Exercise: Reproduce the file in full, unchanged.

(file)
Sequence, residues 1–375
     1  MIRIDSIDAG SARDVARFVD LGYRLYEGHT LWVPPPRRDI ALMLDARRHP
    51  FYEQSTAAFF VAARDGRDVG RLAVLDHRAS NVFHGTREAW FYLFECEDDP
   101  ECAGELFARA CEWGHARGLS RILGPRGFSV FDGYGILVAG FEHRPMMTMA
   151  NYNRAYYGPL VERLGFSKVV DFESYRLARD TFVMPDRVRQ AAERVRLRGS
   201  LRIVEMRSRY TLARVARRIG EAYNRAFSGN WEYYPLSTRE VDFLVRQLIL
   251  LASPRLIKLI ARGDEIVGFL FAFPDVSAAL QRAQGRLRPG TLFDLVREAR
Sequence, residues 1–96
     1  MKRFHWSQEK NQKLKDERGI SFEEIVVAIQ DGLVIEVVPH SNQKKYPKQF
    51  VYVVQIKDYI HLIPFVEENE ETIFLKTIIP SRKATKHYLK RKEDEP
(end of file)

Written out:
Sequence, residues 1–375
     1  MIRIDSIDAG SARDVARFVD LGYRLYEGHT LWVPPPRRDI ALMLDARRHP
    51  FYEQSTAAFF VAARDGRDVG RLAVLDHRAS NVFHGTREAW FYLFECEDDP
   101  ECAGELFARA CEWGHARGLS RILGPRGFSV FDGYGILVAG FEHRPMMTMA
   151  NYNRAYYGPL VERLGFSKVV DFESYRLARD TFVMPDRVRQ AAERVRLRGS
   201  LRIVEMRSRY TLARVARRIG EAYNRAFSGN WEYYPLSTRE VDFLVRQLIL
   251  LASPRLIKLI ARGDEIVGFL FAFPDVSAAL QRAQGRLRPG TLFDLVREAR
Sequence, residues 1–96
     1  MKRFHWSQEK NQKLKDERGI SFEEIVVAIQ DGLVIEVVPH SNQKKYPKQF
    51  VYVVQIKDYI HLIPFVEENE ETIFLKTIIP SRKATKHYLK RKEDEP